What makes math more fun?   CANDY!   Our Skittles Math activities incorporate counting, sorting, graphing, adding, comparing, estimating, and computer skills.   Whew!   Lots of skills snuck into an interesting activity. Each child will need a bag of Skittles candy.   Ours was a very large bag, and yours certainly doesn’t need to be this big! Ideas to explore Math concepts  using your Skittles: *Guess how many of each color Skittle are in your bag.   Mom can make predictions too!   Incorporate big words like “estimate” and “predict”…your little ones will be excited to use real, big math words.   Older kids can add each color guess  together for a Total Number Estimate.   * Make a bar graph and record your guesses.   Use pre-printed large square  graph paper, make your own graph paper, or have your child draw their own bar graph.   Work together to label the bottom with colors and side with numbers.   Or better yet, have your child come up with how you will record your results!   What will you put on the bottom?   On the side? *Open your bag of Skittles & pour them into a bowl.   Encourage your kids to smell them.   Run their fingers through them.   Wiggle their hands in the pile.     *Start sorting your colors.   Notice which piles are bigger, which are smaller.   Count each color and write the number down.   Let your kids see who was closest in guessing each color.   Make guesses as to WHY there are more of one color than another. *Graph your Actual results!   We used the same bar graph for this.   I drew a bold, black line down the middle of the page vertically, then re-created our color list on the other side of the line this time.     Ask your kids how they would like to record their new results in a bar graph.   Looking back, I would have liked to graph each color next to each other (estimate vs actual) so you could get a really good look at which bar was bigger & by how much. *Since you’ve counted all your Skittles already, you might as well eat a few. *Older kids can now add up their actual color totals to find….the total number of candies in their bag!   *Talk about different ways to graph results…make a pie graph together! My favorite site for making your own pie graph is Create A Graph. It is very kid-friendly, and the pie graph generator makes beautiful, bold, simple to understand graphs.   A screen shot of my son’s pie graph is above.   Discuss the different bits of information you’re asked to enter.   Let your child choose which color will represent each pie in their graph.   Explain how the bigger the number, the bigger the pie slice. *Print your pie graph!   Set it next to your bar graph and compare. Which is easier to read?   Which do you like better?   Which was easier to make?   Compare each child’s pie graph to each other.   What would happen if you combined the results from ALL the pie graphs and made one, new big pie graph?   Would it look different?   See what your kids think, then create one.   Were the results surprising? Think beyond worksheets and flash cards…have some FUN with your kids today while working on important math skills!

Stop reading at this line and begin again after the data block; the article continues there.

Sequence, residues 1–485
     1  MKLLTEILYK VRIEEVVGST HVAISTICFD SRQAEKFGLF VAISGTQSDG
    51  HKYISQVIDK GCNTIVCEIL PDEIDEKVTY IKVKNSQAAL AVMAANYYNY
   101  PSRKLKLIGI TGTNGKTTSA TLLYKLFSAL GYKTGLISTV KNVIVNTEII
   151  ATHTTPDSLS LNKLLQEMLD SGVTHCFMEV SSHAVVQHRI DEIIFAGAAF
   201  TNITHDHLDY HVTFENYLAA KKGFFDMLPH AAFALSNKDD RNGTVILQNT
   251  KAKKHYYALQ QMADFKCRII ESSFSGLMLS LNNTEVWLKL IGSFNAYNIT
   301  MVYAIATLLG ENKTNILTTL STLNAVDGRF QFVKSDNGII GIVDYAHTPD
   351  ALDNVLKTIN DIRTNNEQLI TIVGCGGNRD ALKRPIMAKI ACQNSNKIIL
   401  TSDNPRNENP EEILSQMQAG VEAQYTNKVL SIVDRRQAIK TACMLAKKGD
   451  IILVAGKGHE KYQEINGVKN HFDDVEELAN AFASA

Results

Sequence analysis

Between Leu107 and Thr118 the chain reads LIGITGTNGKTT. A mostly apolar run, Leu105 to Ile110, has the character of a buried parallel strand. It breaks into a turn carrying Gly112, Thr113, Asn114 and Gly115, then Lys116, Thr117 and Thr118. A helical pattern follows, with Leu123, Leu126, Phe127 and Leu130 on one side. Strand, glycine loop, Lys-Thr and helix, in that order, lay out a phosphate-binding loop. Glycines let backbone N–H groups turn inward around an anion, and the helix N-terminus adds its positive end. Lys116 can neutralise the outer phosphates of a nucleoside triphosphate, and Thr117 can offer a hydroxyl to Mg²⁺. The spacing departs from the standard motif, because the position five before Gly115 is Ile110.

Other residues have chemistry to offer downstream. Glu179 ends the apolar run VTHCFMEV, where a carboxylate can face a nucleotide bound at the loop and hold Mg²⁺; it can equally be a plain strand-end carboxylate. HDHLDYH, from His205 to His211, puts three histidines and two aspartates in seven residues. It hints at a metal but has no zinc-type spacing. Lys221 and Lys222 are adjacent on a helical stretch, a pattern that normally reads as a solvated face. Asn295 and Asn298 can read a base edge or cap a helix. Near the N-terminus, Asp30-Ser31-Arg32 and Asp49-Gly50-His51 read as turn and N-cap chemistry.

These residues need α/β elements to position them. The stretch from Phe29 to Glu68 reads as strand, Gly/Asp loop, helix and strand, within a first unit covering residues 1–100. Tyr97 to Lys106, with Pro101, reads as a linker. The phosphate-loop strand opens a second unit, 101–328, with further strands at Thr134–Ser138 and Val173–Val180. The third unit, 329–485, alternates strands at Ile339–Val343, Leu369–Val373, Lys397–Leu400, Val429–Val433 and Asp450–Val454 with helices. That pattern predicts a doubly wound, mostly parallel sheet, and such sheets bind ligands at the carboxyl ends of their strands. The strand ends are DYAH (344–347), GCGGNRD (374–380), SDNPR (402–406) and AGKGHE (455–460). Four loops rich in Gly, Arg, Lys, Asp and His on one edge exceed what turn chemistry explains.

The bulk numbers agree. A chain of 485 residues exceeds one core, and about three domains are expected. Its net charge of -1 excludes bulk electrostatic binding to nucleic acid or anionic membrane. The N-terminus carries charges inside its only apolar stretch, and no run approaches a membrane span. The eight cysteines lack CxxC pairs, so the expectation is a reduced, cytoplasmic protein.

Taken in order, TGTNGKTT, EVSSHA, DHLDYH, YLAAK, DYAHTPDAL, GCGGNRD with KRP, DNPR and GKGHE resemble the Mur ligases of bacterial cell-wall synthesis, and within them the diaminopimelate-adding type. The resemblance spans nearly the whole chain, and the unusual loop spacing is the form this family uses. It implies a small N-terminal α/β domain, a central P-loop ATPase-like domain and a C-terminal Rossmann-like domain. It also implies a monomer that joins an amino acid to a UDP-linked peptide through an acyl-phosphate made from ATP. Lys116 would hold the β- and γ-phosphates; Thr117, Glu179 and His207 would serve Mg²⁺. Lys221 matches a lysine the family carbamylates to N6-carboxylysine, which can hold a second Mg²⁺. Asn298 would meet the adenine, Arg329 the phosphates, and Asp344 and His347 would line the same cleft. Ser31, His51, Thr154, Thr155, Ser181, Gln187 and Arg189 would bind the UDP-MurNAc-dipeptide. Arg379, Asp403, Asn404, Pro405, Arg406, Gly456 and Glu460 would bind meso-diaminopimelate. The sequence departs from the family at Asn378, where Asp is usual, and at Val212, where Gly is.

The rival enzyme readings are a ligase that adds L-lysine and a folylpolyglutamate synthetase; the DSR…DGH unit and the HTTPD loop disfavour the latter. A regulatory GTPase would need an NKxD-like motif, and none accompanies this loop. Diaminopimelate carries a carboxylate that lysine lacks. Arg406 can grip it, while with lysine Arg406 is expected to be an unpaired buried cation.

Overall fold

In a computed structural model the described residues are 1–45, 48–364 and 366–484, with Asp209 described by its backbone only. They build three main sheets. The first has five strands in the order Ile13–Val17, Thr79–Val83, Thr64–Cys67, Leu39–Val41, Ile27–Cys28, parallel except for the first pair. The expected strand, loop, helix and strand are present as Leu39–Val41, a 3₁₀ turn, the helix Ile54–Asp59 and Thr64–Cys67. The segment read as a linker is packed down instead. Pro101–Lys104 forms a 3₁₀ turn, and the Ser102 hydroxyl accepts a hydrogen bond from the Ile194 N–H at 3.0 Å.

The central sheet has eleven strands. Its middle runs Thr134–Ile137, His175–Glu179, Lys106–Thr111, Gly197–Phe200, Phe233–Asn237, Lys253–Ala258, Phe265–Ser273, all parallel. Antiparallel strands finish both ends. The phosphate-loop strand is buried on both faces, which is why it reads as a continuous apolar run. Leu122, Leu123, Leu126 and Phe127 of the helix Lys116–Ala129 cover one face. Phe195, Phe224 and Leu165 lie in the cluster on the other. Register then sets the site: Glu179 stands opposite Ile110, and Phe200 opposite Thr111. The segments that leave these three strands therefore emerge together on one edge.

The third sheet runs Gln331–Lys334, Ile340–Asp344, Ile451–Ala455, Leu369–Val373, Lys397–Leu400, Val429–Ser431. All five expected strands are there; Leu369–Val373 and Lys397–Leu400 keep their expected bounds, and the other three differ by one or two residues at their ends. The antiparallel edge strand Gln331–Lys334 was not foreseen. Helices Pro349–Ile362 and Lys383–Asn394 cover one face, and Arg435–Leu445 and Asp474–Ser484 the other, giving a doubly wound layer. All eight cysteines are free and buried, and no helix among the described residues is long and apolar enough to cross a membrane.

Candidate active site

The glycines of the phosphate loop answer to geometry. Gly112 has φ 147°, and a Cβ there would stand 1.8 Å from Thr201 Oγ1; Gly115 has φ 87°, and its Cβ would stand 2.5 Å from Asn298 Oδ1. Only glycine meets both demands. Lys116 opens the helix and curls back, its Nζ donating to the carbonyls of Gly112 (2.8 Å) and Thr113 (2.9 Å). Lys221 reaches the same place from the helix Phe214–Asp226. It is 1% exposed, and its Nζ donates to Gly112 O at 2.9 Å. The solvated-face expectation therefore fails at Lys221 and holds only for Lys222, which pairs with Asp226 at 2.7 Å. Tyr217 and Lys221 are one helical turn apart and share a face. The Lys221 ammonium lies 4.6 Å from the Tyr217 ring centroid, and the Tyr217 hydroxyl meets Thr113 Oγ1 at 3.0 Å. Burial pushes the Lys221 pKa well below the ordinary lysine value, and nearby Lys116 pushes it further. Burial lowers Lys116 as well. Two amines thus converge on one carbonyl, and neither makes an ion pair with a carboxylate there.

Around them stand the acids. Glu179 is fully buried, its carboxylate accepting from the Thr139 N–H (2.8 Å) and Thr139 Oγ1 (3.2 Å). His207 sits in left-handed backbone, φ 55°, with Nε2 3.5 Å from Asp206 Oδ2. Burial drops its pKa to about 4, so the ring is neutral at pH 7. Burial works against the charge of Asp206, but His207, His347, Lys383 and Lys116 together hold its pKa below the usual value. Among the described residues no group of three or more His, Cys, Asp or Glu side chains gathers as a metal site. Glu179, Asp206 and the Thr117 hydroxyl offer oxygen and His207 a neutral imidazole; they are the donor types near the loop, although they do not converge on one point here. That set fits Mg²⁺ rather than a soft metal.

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  1. So much fun! Hadn’t thought of skittles- thanks! I remember my teachers using Goldfish for math & subtraction, that was my favorite 🙂

  2. awesome – we LOVE using food for math – so hands on & definitely an attention grabber. I am pinning this & will most certainly be doing some skittles math in the future.

    Thanks for sharing on the Sunday Showcase – hope to see you this week.


  3. I’ve taught the basics of bar graphs to my son, but I will have to remember to add the Create a Graph website when we graph the conversation hearts!

    1. Yes…it’s fun to see how different graphs represent the same information. On the Create A Graph site, you can also make a nice line graph!

  4. I’ve never heard of that website before and now I cannot wait to use it! Thanks so much!

    Pinned to my Math board.

  5. Love this idea! And thanks so much for the link to Create a Graph–I’ve been looking for something like it for a while. 🙂

  6. This is great! I use grapes in a similar way with my children since they are quite young. Although we don’t have different colours, we do have different sizes to compare, and we can cut grapes to make simple fractions.